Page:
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What if the camera uses a bit too heavy compression for my liking? The Canon S90/S95 produces smaller JPEG files than an old 6mp Canon. That can't be right! And according to Canon, it's likely because they've turned up the compression rate.
I'm not familiar with your camera, but can't you set image quality level? I've been able to do that since my first 1mpx P&S almost a decade ago, with Sony, Minolta and Olympus P&S's and my Pentax dSLR. If your Canon doesn't let you change compression levels, you need a less crippled camera.
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Old Sep 4, 2010, 11:20 AM   #34
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I'm not familiar with your camera, but can't you set image quality level? I've been able to do that since my first 1mpx P&S almost a decade ago, with Sony, Minolta and Olympus P&S's and my Pentax dSLR. If your Canon doesn't let you change compression levels, you need a less crippled camera.
Yes, you can set the compression level. But even at the lowest compression/highest quality level, it still produces smaller JPEG images than an old 6 megapixel camera. I don't know how many levels there are on the S95, but the images that I linked to were at the highest quality level.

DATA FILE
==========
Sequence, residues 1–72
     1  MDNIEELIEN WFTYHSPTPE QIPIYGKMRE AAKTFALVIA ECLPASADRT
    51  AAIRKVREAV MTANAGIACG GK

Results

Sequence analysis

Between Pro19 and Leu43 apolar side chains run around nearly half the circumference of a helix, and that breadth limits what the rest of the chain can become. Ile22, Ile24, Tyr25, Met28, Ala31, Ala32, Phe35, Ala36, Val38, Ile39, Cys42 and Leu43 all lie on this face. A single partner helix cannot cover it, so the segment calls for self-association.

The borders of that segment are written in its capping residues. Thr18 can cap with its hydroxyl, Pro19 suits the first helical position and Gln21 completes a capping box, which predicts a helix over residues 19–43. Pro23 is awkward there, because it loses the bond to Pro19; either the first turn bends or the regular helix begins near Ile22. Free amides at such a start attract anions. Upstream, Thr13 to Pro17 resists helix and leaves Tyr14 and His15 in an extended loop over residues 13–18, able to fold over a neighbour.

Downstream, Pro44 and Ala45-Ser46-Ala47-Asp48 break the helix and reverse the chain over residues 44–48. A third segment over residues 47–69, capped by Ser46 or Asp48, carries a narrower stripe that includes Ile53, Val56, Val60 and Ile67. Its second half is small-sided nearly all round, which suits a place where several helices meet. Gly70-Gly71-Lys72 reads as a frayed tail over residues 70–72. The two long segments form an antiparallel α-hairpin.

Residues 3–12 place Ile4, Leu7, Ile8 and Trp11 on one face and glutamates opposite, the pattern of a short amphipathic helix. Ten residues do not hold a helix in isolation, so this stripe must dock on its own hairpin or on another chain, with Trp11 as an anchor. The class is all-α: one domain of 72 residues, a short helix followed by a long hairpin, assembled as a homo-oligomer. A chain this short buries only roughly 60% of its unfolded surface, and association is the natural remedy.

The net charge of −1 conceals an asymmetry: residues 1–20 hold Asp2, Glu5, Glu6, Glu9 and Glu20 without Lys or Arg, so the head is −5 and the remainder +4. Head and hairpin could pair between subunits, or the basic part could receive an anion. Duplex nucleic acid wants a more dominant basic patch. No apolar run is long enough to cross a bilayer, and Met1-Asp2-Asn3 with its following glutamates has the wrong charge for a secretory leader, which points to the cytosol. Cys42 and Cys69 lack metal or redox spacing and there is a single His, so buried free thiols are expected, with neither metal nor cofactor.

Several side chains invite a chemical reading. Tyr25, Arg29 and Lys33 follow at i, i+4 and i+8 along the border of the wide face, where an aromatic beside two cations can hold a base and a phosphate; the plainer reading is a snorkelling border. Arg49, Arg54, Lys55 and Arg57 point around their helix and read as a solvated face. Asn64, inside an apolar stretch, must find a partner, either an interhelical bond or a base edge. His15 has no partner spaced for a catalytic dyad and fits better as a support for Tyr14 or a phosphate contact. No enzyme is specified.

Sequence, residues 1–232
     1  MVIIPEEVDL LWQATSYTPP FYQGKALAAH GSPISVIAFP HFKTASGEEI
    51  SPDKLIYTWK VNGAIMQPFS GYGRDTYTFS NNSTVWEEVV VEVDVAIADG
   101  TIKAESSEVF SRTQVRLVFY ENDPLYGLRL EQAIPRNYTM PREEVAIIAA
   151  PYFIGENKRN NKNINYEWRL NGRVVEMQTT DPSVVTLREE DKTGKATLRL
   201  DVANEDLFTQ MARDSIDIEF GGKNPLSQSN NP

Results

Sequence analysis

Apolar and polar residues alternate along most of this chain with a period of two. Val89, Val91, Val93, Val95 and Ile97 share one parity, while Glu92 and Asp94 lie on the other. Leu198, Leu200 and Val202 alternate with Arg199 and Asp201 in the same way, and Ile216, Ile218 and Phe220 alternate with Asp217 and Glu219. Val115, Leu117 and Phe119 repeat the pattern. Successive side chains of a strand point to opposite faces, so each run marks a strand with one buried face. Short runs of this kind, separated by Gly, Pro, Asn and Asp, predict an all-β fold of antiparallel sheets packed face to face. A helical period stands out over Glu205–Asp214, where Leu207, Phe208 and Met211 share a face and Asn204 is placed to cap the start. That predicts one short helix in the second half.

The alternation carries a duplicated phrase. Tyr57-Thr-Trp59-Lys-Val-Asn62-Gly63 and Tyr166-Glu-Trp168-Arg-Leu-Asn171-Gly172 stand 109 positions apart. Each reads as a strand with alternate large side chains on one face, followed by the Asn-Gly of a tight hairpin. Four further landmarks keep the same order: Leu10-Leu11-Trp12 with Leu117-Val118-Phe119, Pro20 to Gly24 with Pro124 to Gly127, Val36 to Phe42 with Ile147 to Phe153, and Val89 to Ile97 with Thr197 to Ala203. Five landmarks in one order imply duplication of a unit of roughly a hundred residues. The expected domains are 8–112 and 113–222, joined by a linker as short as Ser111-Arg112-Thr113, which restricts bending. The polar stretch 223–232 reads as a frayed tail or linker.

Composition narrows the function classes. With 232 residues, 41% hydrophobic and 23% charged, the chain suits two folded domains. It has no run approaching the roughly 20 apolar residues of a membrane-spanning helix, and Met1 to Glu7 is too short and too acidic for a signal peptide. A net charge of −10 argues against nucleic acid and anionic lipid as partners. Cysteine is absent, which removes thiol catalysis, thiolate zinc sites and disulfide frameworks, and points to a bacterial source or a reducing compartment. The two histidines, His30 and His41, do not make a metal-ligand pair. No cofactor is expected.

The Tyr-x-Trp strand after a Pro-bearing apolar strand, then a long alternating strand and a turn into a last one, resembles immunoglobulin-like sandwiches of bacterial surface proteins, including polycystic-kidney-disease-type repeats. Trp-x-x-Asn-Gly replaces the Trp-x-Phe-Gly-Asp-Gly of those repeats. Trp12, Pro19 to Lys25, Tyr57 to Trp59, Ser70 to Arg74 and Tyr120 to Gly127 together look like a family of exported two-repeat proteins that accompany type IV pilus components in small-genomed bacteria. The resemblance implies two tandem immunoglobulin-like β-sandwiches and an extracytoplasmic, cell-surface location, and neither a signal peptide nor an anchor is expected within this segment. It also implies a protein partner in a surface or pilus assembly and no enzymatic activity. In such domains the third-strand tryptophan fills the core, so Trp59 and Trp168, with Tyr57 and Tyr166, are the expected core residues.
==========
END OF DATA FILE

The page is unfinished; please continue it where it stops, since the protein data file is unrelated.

I wonder why Canon couldn't just include an additional lower level of compression and simply default to the current level...
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Old Sep 5, 2010, 3:46 AM   #35
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Or maybe the compression algorithms they are using are much better than they used to be.

Are you finding compression artifacts? If not I'd suggest you celebrate rather than bemoan the fact that the file sizes are smaller.
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Old Sep 5, 2010, 7:43 AM   #36
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Or maybe the compression algorithms they are using are much better than they used to be.

Are you finding compression artifacts? If not I'd suggest you celebrate rather than bemoan the fact that the file sizes are smaller.